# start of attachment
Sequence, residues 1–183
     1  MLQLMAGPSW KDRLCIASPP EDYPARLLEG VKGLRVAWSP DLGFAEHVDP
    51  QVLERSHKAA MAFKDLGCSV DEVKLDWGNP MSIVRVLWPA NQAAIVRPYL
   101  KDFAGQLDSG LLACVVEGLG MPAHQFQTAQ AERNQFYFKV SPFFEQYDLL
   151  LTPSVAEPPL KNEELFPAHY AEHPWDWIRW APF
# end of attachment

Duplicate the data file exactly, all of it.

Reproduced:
Sequence, residues 1–183
     1  MLQLMAGPSW KDRLCIASPP EDYPARLLEG VKGLRVAWSP DLGFAEHVDP
    51  QVLERSHKAA MAFKDLGCSV DEVKLDWGNP MSIVRVLWPA NQAAIVRPYL
   101  KDFAGQLDSG LLACVVEGLG MPAHQFQTAQ AERNQFYFKV SPFFEQYDLL
   151  LTPSVAEPPL KNEELFPAHY AEHPWDWIRW APF